explains. "I reckon I did the second album half-heartedly.
I might have been in the studio feeling like I was focused,
but my head was actually thinking: I wonder how my son is?
So I decided I wasn't ready to come back to music."
Now, Ms Dynamite feels ready. She was responsible for two
crucial UK funky cuts in 2009 – the propulsive, rattling
Get Low (Crackish), produced by Rinse FM boss Geeneus, and
the frenetic, tough-as-nails Bad Gyal, produced by Sticky.
"It's cocky, confident and self-assured," she says of the
latter. "There's a kind of arrogance, but this is a cool,
fun arrogance. Not putting anyone down. Just being that
confident in yourself." A new single with Zinc, Wile Out,
is a metallic, harder-edged take on funky house; Ms
Dynamite is once again on fine form on it, switching
adeptly between singing and classic dancefloor MCing,
exhorting a crowd to "gwaan, get deep, make a scene, wile
out!" in rapid-fire patois.
Ms Dynamite's transition out of and back into the music
industry was a smooth one. "My record company were pretty
supportive. I think some of them were genuine, they had
kids of their own and they understood. Others were just
like, well, we're not going to get anything out of her in
this state anyway, it'd be a waste of money." She pauses.
"Creativity's one of those things you can't fake."
Stush has had it harder. She's been largely absent for
seven years since Dollar Sign, stuck in contractual limbo.
In 2002, she signed a six-album deal with Go! Beat, but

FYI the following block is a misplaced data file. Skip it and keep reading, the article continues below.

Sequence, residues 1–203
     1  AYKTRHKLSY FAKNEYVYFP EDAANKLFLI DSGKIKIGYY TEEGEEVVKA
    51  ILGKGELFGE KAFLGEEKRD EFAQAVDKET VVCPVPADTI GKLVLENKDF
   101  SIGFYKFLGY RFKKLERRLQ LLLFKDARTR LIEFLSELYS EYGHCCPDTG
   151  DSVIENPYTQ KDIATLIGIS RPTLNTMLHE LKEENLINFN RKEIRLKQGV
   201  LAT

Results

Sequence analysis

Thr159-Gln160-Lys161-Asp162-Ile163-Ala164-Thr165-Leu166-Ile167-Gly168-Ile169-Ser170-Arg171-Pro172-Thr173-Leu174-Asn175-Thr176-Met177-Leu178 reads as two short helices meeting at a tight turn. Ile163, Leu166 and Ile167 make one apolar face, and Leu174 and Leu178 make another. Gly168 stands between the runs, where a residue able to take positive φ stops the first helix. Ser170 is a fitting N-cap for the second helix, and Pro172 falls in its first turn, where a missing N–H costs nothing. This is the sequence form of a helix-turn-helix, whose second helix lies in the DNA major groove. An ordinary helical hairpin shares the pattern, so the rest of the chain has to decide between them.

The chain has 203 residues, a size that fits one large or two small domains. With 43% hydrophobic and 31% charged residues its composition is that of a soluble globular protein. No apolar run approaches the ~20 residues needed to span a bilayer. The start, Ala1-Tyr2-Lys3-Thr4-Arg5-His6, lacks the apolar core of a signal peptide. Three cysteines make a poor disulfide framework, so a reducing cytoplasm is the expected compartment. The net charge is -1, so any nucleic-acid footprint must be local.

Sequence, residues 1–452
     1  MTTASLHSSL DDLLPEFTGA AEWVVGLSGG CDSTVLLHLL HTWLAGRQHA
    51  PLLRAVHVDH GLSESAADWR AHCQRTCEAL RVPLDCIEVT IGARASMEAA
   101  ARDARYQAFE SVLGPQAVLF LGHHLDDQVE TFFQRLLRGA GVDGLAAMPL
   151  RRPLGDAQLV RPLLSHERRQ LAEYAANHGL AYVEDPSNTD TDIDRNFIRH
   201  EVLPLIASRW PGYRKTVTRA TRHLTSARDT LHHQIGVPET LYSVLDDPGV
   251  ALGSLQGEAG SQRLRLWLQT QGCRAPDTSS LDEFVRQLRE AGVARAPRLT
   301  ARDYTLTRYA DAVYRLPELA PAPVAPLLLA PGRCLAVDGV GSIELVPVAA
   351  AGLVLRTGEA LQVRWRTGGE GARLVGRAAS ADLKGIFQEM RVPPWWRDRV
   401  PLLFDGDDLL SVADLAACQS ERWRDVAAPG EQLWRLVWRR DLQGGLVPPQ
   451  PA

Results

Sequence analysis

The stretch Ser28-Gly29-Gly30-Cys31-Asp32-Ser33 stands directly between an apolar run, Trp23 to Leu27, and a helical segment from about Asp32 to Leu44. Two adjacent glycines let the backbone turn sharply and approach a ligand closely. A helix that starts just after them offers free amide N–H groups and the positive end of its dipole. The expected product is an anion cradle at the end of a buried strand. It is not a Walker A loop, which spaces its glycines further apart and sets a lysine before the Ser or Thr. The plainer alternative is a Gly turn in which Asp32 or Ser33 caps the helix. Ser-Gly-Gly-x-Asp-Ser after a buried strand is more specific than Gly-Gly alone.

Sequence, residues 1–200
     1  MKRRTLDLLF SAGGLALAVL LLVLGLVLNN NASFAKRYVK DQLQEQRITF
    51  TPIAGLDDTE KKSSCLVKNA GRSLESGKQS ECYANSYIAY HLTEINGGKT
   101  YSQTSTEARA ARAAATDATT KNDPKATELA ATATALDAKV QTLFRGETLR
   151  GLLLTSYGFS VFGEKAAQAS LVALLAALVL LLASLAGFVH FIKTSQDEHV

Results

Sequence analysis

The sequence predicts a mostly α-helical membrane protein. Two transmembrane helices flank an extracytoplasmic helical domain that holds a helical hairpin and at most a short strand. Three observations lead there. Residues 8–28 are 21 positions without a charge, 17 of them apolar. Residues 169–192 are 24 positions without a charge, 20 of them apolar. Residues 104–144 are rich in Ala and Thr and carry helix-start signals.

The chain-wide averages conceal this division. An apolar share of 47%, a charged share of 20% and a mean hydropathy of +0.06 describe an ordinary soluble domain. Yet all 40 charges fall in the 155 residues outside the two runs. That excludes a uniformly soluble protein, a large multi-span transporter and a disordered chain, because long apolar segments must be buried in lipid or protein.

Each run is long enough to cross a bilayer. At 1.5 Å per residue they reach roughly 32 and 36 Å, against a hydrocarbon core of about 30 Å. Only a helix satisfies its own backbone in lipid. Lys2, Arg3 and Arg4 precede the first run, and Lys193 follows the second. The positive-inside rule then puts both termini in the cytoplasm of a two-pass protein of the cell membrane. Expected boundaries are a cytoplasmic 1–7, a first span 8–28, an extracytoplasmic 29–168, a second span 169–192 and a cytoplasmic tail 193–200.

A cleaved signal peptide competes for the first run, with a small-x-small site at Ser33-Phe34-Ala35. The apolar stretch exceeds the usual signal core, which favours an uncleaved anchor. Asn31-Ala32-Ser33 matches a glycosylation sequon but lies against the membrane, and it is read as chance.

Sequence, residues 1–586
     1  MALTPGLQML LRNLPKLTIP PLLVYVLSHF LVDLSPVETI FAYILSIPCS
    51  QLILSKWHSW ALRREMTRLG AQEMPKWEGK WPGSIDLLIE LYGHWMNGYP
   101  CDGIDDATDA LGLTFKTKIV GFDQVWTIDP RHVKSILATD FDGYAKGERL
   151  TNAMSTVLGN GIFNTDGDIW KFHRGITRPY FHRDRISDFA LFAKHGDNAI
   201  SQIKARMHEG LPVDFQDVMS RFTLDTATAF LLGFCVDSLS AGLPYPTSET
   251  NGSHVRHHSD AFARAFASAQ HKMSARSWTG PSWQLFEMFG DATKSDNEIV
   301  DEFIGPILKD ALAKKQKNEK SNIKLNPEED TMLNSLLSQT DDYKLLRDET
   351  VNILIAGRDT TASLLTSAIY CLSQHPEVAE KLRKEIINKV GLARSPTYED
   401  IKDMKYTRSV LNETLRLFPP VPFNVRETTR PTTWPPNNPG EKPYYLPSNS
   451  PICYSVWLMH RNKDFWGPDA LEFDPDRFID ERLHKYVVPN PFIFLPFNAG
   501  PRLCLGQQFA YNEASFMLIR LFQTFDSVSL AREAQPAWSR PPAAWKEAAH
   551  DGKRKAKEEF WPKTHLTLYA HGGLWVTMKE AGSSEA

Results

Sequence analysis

the label folded and internal politics took over. "I
wasn't even allowed to go into the studio some days," she
says. "The contract is still a mess right now. [Island
Universal] won't let me go, because I'm sitting on all of
these tracks I've been writing for seven years, and they
say they want to release the album."
Trips to the US and a tour with Groove Armada have kept
Stush busy, but in 2007 she was dealt another blow. "I
started to get unexplained seizures, collapsing backstage.
It's still undiagnosed – I've had brain scans, the lot,
it's not epilepsy. I lost my confidence – I didn't know
when it was coming. I'd collapse in the street, I'd
collapse in my room and have to nudge my phone with my head
to call my sister."
Stush takes a deep breath. "Even with all of that, I know
there are people worse off than me. I'm not going to let it
stop me. I don't want pity. It's just the next hurdle I
have to get over."
A former high jumper for Herne Hill Harriers, Stush is used
to clearing obstacles, and it comes through in her music.
Last year, We Nuh Run was one of the singles of last year.
Her unmistakeable voice – angry squeals and a nimble,
rat-a-tat flow riding the twists and turns of the beat –
remains as thrilling as it was in 2002. Moreover, the
enthusiasm for her craft of the girl who started out
attempting to mimic Buju Banton's low tones remains
undimmed. "I keep my dictaphone next to my bed at night,
cuz bars will just come into my head. And my head just
opens up when I'm travelling – that happened recently. I
had to vocal a track that I'd only been given a few days
previously. I couldn't get into it, and I literally had to
write the last verse in the cab on the way to the studio.
And then I got there" – she smiles at the memory – "and I
laced the track, mate."
We Nuh Run was lent some added edge thanks to the lyrics.
"They don't wanna have a pretty dark-skinned gyal pon di